Sunday, 15 May 2016

Review: Long John Silver by Xavier Dorison and Mathieu Laufray

I must admit to not being a big fan of the Treasure Island by Robert Louis Stevenson. The plot was perhaps a bit too simplistic - I found coming-of-age stories dull even as a child - and the characters uninteresting. The only potential character in the bunch was always the pirate Long John Silver and that potential has been over-used ever since then by many other authors and script-writers, either adapting the original story or revisiting the characters in some other way. Xavier Dorison and Mathieu Laufray's take in the four part graphic novel, Long John Silver, is unique enough, however, to make their story stand out from the rest.

The story begins with Lady Vivian Hastings, a noblewoman who has led a questionable lifestyle ever since her husband's disappearance and probable death in the Amazon river region, searching for the legendary city of Guyanacapac. Now, as her husband's brother suddenly announces the her husband is actually still alive and has asked him to kick her out of their house and sell everything, she rushes into action in an attempt to save her lifestyle. She visits an old friend who introduces her to a cook - Long John Silver - who might be able to help her in her quest to join the expedition sent to follow her husband's trail and get her share of the rumoured treasure.

The story is dark and grim, offering death and horror aplenty. Long John Silver suffers from bouts of malaria that incapacitate him at the worst possible moments, Lady Hastings is pregnant with another man's child and every other character seems to have plans of their own regarding her husband and the treasure he may have found. The storyline doesn't stay completely down-to-earth, though. As it progresses, there are more and more supernatural aspects that disrupt the characters' plans and lead to the grand finale.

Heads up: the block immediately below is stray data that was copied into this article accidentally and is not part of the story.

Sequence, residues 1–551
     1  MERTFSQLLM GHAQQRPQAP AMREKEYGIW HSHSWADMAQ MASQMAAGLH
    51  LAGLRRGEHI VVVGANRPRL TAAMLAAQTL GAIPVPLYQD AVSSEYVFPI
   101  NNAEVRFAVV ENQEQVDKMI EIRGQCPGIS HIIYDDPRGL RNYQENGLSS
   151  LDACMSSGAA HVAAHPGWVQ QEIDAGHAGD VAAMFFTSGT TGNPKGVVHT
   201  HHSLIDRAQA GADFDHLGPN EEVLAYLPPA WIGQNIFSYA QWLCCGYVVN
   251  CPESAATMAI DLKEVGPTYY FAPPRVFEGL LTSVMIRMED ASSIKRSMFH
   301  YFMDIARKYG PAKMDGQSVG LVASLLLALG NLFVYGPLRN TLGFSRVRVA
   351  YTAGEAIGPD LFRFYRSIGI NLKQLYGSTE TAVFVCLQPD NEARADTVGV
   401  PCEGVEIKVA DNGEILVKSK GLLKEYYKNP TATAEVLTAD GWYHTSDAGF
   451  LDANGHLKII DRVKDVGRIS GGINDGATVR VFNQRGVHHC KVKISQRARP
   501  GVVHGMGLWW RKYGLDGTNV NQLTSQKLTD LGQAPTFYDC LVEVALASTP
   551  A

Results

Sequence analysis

The final part is the darkest of them all and perhaps a little bit too action-oriented, but when you read the entire story in one sitting, it fits the story very nicely. From the point of view of a historical fiction fan, one might have wanted to see more connections with the time period it depicts. I'm not sure, for example, if the authors researched the area of Amazon in any great detail insofar as the native races and cultures are concerned as they seem to veer heavily onto the side of fantasy there.

However, even though historicity may be lacking in the script, the art brings the period and characters to life better than one could hope. Too many good stories have been failed by their art, but Long John Silver is an exception. Mathieu Laufray's art is excellent throughout the story and there are only a rare panel that shows any sense of being rushed - and even they keep up with the general style.

Overall, an engaging and fun read, but not one I must absolutely reread anytime soon.